A West Midlands Ambulance Service spokesman said: “On arrival, members of the public were performing resuscitation on one of the drivers.

“Ambulance staff immediately took over and provided advanced clinical care, but sadly it was not possible to save the woman and she was confirmed dead at the scene

“The other driver, also a woman, suffered serious injuries. After being assessed and treated at the scene, she was airlifted to the major trauma centre at University Hospital Coventry & Warwickshire.”

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Ambulance rear 2018

Bus driver praised for making sure passengers safe

Wednesday 17th October 2018 – 10.38am – Murray MacGregor.

A bus driver is being praised for ensuring all of his passengers were off the vehicle after the double decker caught fire.

The incident happened at just after 9.00am this morning near the junction of Gibbet Hill Road and Kenilworth Road in Coventry, beside the University of Warwick Campus.

An ambulance and a paramedic officer were sent to the scene.

A West Midlands Ambulance Service spokesman said: “When the driver noticed the smoke and flames coming from the engine compartment of his bus, he stopped immediately and then made sure that all the passengers were off before leaving the vehicle himself.

“Due to his swift action, he was the only casualty, suffering from smoke inhalation.

“After treatment at the scene, he was taken to University Hospital Coventry & Warwickshire for further monitoring.

“There seems little doubt that his actions ensured the situation was not considerably more serious.”

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Bus Fire, Coventry (17-10-18)

(Information given with driver’s consent)

 

Mobility scooter rider injured

Wednesday 17th October 2018 – 9.55am – Murray MacGregor.

An elderly man on a mobility scooter has suffered serious injuries after a collision involving two vehicles.

The incident happened on West Way in Stafford at just after 7.10pm on Tuesday evening.

An ambulance, a paramedic officer, the MERIT Trauma Doctor and Critical Care Paramedic and a BASICS Emergency Doctor were sent to the scene.

A West Midlands Ambulance Service spokesman said: “On arrival, ambulance staff found an elderly man who had suffered serious injuries.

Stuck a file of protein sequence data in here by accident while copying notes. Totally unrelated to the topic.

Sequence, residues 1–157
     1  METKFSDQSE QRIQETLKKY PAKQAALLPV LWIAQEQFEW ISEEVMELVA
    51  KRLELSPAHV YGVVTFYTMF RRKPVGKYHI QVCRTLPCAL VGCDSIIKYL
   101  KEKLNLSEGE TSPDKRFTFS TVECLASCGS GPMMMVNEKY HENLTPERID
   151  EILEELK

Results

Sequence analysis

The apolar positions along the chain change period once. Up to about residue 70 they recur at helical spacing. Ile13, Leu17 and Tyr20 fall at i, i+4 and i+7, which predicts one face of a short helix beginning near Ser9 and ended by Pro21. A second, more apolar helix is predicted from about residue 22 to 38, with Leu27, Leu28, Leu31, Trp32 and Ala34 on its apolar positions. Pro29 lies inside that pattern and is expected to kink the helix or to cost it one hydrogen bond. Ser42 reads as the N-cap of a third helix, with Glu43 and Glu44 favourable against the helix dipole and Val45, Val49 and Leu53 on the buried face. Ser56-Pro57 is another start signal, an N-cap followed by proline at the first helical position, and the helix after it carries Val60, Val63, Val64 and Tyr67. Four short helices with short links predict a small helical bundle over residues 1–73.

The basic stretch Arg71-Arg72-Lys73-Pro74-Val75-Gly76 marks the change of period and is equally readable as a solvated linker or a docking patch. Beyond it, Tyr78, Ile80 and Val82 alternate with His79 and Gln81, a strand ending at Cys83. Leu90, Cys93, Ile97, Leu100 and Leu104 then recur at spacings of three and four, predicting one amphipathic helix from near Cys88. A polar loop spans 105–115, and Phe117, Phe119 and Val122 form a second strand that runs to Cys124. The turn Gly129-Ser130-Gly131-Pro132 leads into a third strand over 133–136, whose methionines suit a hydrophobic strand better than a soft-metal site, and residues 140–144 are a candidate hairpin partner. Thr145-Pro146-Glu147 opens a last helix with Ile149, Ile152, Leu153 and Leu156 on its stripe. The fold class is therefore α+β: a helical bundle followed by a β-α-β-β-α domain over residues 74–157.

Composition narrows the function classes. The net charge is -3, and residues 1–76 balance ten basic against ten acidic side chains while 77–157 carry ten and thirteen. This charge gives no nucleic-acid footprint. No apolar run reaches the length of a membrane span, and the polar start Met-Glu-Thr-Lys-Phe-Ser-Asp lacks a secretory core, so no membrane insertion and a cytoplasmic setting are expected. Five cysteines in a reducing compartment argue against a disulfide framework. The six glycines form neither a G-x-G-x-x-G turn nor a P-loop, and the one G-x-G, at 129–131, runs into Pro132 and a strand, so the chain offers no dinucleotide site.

“He received advanced clinical care at the scene before being taken on blue lights to the major trauma centre at Royal Stoke University Hospital; both doctors and the critical care paramedic travelled with the ambulance to provide advanced clinical care en-route.

“There were no other patients.”

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Ambulances in garage

 

Rider injured after motorbike collides with car and bus shelter

Thursday 11th October 2018 – 11.28am – Murray MacGregor.

A motorcyclist received advanced clinical care at the scene of a crash.

The incident happened on Hanley Road in the Sneyd Green area of Stoke on Trent at just before 8.00pm on Wednesday evening.

Two ambulances, a paramedic officer and a BASICS Emergency Doctor from the North Staffordshire Scheme were sent to the scene.

A West Midlands Ambulance Service spokesman said: “On arrival, ambulance staff found the rider of a motorbike in the road.

“There was damage to the offside of the car and the bike had come to rest against a bus shelter which had shattered.

“The man was assessed and treated at the scene by the ambulance staff and doctor before being taken to the major trauma centre at Royal Stoke University Hospital.

The car driver was unhurt.”

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Hospital - RSUH at night

Motorcyclist airlifted after serious crash

Thursday 11th October 2018 – 9.00am – Murray MacGregor.

A motorcyclist has been airlifted to hospital after a collision with a car.

The incident happened at just after 6.00pm last night (Wednesday), close to the junction of the A4169 and B4379 at Kemberton, south east of Telford.

A rapid response vehicle, a paramedic officer, an ambulance and two air ambulances were sent to the scene.

A West Midlands Ambulance Service spokesman said: “On arrival, ambulance staff found a car and a motorbike that had both suffered significant damage.

“The rider of the motorbike had suffered potentially serious injuries.  He was being tended to by an off-duty nurse.

“The rider was assessed and treated on scene before being airlifted by the Midlands Air Ambulance from Staffordshire to the major trauma centre at Royal Stoke University Hospital.

“The car driver was uninjured.”

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HMED09 at RSUH

 

Trust set to become first university ambulance service

Tuesday 9th October 2018 – 9.45am – Murray MacGregor.

For over a decade, all paramedics in the West Midlands have been educated and trained at university; the Trust also undertakes world leading research with a number of universities; so it is perhaps fitting that West Midlands Ambulance Service is set to become the first ambulance University NHS Foundation Trust in the country.

In a ground breaking move, the Trust is working with the University of Wolverhampton to become the first university ambulance service.  As a result, the Trust is engaging with stakeholders, patients and the public on changing the organisation’s name to West Midlands Ambulance Service University NHS Foundation Trust.